treatment program. He then moved to modify the conditions of probation
and asked that his treatment be delayed until after his appeal. This
motion was denied. In the meantime, the defendant's probation was
revoked because of his failure to cooperate with treatment.
On certiorari review of the probation revocation, the circuit court
denied relief. The defendant appealed. The court of appeals found a
Fifth Amendment violation but concluded that it had been waived because
the defendant had not appealed the denial of his motion to modify the
In a unanimous decision authored by Justice Sykes, the supreme court
reversed the court of appeals. It concluded that the revocation of the
defendant's probation was premised on a legitimate assertion of the
defendant's Fifth Amendment privilege against self-incrimination and was
therefore unconstitutional. The Department of Corrections itself
conceded that compelling a probationer to admit to the crime of
conviction before the time for a direct appeal has expired or an appeal
has been denied is self-incriminatory within the meaning of the Fifth
Consistent with that concession is case law in which the Wisconsin
Supreme Court has held that, when the claimed self-incrimination
pertains to the crime for which the defendant has already been
convicted, the Fifth Amendment privilege against self-incrimination
extends beyond sentencing as long as a defendant has a real and
appreciable fear of further incrimination. Such would be the case when
an appeal is pending, before an appeal as of right or plea withdrawal
has expired, or when the defendant intends to or is in the process of
moving to modify his or her sentence and can show an appreciable chance
of success. See State v. Marks, 194 Wis. 2d 79, 533 N.W.2d 730
The supreme court also concluded that the defendant's failure to
appeal the denial of his motion to delay sex offender treatment did not
constitute a waiver of his right to challenge probation revocation on
Fifth Amendment grounds.
Lastly, the court held that a person in the defendant's situation
"cannot be subjected to probation revocation for refusing to admit to
the crime of conviction, unless he is first offered the protection of
use and derivative use immunity for what are otherwise compulsory
self-incriminatory statements" (¶ 4).
Trade Restraints - "No-hire" Provisions
Heyde Cos. Inc. v. Dove
Healthcare LLC, 2002 WI 131 (filed 27 Dec. 2002)
Dove Healthcare (Dove), which operates nursing homes, made a contract
with Greenbriar under which Greenbriar agreed to provide physical
therapy services. Greenbriar's physical therapists worked at Dove's
facilities but remained Greenbriar's at-will employees. The contract
prohibited Dove from hiring Greenbriar's physical therapists during the
term of the agreement and for one year thereafter. In October 1999,
Dove terminated the agreement effective Dec. 31, 1999. A short time
later Dove hired several of Greenbriar's therapists, who claimed that
they did not know about the no-hire provision in the agreement.
Greenbriar sued Dove for breaching the no-hire clause and sought
contractual damages. The circuit court ruled in Greenbriar's favor and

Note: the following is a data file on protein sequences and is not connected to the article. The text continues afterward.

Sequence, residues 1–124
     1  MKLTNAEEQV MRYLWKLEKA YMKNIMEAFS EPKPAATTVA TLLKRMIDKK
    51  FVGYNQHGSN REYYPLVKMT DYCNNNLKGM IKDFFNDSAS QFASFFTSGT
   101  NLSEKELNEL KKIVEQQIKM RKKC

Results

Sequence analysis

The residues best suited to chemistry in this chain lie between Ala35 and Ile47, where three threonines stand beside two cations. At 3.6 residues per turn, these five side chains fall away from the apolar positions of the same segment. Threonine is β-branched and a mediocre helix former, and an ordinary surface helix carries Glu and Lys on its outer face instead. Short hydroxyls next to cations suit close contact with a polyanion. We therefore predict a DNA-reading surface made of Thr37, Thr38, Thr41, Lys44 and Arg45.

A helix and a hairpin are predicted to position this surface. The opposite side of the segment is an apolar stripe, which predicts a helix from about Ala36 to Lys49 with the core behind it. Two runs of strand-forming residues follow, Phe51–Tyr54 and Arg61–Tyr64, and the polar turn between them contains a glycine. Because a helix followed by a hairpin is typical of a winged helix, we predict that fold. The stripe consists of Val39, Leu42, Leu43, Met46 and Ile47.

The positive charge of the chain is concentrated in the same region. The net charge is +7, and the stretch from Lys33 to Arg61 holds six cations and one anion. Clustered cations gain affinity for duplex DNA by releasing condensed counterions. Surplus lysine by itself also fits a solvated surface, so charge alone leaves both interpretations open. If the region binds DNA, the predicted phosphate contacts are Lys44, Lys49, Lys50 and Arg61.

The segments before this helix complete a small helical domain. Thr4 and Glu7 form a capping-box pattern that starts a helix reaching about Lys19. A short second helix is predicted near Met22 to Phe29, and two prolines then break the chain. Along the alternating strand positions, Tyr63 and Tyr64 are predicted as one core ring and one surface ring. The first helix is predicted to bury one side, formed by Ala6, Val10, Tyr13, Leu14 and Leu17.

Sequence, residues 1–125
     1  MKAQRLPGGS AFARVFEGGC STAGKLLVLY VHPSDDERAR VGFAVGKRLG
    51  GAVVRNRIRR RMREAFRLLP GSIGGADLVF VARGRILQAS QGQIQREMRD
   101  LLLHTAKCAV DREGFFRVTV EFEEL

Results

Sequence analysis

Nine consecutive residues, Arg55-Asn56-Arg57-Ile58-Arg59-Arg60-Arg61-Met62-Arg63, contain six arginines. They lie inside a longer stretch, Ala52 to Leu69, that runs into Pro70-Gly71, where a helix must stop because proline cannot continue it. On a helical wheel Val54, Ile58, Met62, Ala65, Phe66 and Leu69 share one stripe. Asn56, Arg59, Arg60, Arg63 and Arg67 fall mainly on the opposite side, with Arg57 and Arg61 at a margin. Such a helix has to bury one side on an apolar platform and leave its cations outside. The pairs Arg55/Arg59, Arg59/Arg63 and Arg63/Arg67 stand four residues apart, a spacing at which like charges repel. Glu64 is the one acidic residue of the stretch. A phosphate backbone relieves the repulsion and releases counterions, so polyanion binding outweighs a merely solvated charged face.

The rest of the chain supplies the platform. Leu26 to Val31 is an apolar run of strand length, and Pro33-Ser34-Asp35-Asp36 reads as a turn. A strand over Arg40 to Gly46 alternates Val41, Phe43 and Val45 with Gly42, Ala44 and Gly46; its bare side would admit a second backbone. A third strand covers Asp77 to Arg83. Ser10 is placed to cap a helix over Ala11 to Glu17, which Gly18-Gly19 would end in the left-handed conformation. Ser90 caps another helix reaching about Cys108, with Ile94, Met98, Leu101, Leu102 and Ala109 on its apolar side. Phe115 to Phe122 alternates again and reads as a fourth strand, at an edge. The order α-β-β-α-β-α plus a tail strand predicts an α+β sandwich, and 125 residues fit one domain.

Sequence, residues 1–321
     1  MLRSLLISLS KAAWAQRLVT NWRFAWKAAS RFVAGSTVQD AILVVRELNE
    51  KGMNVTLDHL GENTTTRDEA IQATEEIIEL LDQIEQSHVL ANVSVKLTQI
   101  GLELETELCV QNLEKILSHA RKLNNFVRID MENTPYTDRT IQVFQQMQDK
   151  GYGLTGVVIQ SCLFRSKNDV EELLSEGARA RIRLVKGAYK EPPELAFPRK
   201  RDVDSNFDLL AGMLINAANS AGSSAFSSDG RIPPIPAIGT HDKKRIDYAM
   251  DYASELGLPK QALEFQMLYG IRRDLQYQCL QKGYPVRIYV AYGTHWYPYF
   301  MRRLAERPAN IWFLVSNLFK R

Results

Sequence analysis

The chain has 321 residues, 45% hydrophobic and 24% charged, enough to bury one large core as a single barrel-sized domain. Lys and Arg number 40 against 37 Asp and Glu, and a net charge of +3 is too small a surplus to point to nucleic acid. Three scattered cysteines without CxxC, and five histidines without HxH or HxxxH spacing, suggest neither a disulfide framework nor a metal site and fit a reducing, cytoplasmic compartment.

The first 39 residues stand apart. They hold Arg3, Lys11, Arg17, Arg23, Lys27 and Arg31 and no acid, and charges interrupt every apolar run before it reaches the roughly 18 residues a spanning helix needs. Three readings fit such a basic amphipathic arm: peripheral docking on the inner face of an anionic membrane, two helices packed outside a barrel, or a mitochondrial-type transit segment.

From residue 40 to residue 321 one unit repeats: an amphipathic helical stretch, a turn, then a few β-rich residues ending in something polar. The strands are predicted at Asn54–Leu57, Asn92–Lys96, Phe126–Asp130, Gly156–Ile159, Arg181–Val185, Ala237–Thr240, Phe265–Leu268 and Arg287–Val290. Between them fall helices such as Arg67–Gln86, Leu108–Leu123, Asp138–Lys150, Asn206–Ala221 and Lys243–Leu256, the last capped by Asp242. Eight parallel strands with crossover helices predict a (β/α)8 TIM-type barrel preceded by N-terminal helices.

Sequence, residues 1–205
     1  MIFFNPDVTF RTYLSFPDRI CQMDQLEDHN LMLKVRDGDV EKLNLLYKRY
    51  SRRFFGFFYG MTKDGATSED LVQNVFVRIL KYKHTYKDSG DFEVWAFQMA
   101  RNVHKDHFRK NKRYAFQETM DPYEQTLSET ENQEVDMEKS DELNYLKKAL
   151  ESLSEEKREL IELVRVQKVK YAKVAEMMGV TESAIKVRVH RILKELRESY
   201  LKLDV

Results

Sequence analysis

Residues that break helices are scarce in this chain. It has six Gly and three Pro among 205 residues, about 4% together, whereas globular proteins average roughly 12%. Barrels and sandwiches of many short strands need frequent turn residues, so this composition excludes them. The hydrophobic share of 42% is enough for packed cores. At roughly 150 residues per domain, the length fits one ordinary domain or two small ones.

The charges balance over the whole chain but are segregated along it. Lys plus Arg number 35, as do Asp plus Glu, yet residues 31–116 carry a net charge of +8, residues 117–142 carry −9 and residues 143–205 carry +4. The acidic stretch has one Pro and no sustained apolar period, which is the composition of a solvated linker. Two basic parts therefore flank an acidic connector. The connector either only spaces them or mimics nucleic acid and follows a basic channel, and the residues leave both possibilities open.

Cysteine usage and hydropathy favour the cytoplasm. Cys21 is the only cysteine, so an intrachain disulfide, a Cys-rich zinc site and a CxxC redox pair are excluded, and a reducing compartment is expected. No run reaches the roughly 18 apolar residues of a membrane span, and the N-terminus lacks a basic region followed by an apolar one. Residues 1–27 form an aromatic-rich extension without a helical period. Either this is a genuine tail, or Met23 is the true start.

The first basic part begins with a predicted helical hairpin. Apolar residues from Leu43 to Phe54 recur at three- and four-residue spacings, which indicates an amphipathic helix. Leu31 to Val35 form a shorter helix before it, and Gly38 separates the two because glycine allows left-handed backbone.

awarded damages of $60,000. The court of appeals reversed, holding that
the clause was an unreasonable restraint of trade.
The supreme court, in a decision authored by Justice Bablitch,
affirmed. The issue was "whether a no-hire provision contained in a
contract between employers, without the knowledge and consent of the
affected employees, is unenforceable as an unreasonable restraint of
trade" (¶9). First, the court held that the no-hire provision
violated Wis. Stat. section 103.465. It rejected Greenbriar's contention
that the statute
only applies to restrictive covenants between employers and employees
and not to covenants between employers (as here). The statute's
"explicit purpose" is to "invalidate covenants that impose unreasonable
restraints on employees" (¶13). "The effect of the no-hire
provision is to restrict the employment of Greenbriar's employees; it is
inconsequential whether the restriction is termed a 'no-hire' provision
between Dove and Greenbriar or a 'covenant not to compete' between
Greenbriar and its employees. Greenbriar is not allowed to accomplish by
indirection that which it cannot accomplish directly" (¶14).
The court then applied the five-factor test that governs restrictive
covenants under section 103.465, finding that this clause failed because
it was clearly "harsh and oppressive to Greenbriar employees and ...
contrary to public policy" (¶20). In particular, employees must be
given notice of and then consent to such restrictions. Greenbriar's
employees did not have notice or give consent (¶21). Second,
notwithstanding whether section 103.465 was facially violated, "the
provision nonetheless clearly violates the public policy as expressed
through the common law" for the same reasons and thus constitutes "an
unreasonable restraint of trade in contravention of Wisconsin's public
Chief Justice Abrahamson concurred. Although she agreed with the
dissent that the no-hire provision is not governed by section 103.465,
she concluded that the provision contravened the common law,
particularly in light of the "secret deal" that bound employees without